Protecting historic architecture Preserving cultural property Conserving endangered monuments and historic sites Protecting monuments
The physical cultural heritage should be considered both in time and space. It no longer stops at the beginning of the nineteenth century but now also embraces the record left behind by the twentieth century. The aim is not only to preserve increasingly numerous items of cultural property but also to safeguard complexes which go far beyond single large monuments or individual buildings. Heritage has now been broadened to include both the human and the natural environment; both architectural complexes and architectural sites; not only rural heritage and the countryside but also urban, technical or industrial heritage, industrial design and street furniture.
Ancient monuments in 81 countries including Greece, Egypt, Italy, Indonesia and Cambodia, have been protected through the efforts of UNESCO, and international conventions have been adopted to preserve cultural property. Preservation measures are strengthened within the framework of the [Strategy for the International Safeguarding Campaigns Programme].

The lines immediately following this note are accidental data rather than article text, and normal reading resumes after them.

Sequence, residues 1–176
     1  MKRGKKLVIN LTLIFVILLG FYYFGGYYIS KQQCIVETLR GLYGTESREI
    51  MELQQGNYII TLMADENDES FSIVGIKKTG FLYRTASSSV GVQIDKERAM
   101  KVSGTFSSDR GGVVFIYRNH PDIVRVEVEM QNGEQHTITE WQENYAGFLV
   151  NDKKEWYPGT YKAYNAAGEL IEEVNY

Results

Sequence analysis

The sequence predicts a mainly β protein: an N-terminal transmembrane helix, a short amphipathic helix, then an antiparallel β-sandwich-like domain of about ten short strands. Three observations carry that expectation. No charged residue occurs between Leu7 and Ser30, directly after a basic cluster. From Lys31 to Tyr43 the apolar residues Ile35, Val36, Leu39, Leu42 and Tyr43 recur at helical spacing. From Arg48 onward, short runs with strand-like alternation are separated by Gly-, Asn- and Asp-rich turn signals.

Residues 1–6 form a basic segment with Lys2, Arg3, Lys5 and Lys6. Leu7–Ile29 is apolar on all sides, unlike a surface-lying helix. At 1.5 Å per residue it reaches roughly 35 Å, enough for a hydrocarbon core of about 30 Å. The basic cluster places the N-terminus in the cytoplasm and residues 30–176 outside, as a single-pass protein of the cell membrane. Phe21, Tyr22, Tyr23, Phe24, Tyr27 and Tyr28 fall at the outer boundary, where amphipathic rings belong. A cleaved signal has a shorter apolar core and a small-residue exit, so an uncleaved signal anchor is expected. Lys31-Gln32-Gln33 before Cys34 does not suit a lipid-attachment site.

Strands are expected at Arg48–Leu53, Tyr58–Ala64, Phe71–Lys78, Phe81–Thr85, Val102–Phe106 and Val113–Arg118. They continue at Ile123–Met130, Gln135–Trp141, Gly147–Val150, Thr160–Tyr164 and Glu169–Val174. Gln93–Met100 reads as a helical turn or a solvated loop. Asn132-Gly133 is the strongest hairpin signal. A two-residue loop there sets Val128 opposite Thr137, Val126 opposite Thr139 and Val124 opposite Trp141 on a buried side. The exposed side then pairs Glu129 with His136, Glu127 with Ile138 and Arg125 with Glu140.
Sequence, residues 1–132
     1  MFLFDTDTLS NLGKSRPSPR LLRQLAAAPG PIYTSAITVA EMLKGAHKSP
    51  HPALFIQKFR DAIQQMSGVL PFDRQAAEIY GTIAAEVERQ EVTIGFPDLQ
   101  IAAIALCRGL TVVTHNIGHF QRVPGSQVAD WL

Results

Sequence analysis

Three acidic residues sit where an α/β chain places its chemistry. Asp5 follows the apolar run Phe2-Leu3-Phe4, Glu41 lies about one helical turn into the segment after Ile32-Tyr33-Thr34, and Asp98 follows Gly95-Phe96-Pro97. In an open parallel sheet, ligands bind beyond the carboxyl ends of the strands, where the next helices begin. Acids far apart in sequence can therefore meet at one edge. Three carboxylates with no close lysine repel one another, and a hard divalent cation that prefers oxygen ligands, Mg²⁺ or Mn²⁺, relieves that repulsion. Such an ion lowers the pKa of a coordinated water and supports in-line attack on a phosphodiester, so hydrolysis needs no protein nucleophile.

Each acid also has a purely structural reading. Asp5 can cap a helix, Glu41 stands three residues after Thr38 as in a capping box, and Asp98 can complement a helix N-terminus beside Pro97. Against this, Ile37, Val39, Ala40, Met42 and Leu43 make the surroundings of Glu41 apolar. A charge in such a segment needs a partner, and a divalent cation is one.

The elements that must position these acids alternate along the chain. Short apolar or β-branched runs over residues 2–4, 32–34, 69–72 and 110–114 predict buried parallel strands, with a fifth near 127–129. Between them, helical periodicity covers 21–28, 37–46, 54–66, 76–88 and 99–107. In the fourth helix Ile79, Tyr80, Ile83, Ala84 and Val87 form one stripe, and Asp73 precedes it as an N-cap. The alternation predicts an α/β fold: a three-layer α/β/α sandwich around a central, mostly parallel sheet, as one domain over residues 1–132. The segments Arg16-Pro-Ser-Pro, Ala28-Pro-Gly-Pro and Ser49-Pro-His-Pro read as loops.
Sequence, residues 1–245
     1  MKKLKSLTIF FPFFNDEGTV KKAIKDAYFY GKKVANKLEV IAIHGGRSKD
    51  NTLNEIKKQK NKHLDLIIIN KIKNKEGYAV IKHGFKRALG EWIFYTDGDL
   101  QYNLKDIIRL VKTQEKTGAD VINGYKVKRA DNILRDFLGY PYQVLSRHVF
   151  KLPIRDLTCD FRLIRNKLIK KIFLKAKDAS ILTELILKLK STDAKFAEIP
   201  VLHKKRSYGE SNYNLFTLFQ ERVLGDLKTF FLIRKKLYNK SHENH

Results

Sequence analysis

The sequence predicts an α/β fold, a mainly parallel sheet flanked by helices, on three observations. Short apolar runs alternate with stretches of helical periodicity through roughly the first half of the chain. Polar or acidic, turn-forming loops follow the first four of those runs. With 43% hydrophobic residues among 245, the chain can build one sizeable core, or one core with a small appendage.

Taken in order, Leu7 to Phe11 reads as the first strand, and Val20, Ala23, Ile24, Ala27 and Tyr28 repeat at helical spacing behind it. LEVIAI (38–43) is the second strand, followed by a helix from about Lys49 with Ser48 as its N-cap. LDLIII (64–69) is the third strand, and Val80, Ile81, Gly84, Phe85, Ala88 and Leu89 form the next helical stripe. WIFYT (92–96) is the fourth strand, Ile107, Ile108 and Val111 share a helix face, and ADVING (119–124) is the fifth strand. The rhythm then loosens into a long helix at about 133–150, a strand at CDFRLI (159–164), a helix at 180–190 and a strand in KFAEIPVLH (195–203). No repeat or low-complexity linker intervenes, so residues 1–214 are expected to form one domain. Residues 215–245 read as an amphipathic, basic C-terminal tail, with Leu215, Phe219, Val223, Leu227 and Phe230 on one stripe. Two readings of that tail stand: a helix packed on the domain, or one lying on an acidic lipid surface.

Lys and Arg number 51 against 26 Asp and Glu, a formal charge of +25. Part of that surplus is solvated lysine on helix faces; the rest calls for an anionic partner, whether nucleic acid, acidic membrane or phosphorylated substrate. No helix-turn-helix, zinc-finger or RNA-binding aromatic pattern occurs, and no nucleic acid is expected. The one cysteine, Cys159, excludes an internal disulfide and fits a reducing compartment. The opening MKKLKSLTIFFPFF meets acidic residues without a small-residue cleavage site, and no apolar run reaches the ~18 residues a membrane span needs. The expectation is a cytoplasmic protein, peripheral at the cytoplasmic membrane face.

The Encyclopedia of World Problems and Human Potential is a collaboration between UIA and Mankind 2000, started in 1972. It is the result of an ambitious effort to collect and present information on the problems with which humanity is confronted, as well as the challenges such problems pose to concept formation, values and development strategies. Problems included are those identified in international periodicals but especially in the documents of some 60,000 international non-profit organizations, profiled in the Yearbook of International Organizations.
The Encyclopedia includes problems which such groups choose to perceive and act upon, whether or not their existence is denied by others claiming greater expertise. Indeed such claims and counter-claims figure in many of the problem descriptions in order to reflect the often paralyzing dynamics of international debate. In the light of the interdependence demonstrated among world problems in every sector, emphasis is placed on the need for approaches which are sufficiently complex to encompass the factions, conflicts and rival worldviews that undermine collective initiative towards a promising future.
Non-profit, apolitical, independent, and non-governmental in nature, the UIA has been a pioneer in the research, monitoring and provision of information on international organizations, international associations and their global challenges since 1907.